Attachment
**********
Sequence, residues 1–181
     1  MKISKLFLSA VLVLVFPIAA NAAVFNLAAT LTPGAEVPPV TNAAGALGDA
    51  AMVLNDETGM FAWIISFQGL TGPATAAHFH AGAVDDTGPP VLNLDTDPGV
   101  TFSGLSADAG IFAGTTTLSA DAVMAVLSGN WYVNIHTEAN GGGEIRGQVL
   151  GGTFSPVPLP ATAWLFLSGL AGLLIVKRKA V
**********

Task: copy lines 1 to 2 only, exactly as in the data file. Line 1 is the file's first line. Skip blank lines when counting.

Sequence, residues 1–181
     1  MKISKLFLSA VLVLVFPIAA NAAVFNLAAT LTPGAEVPPV TNAAGALGDA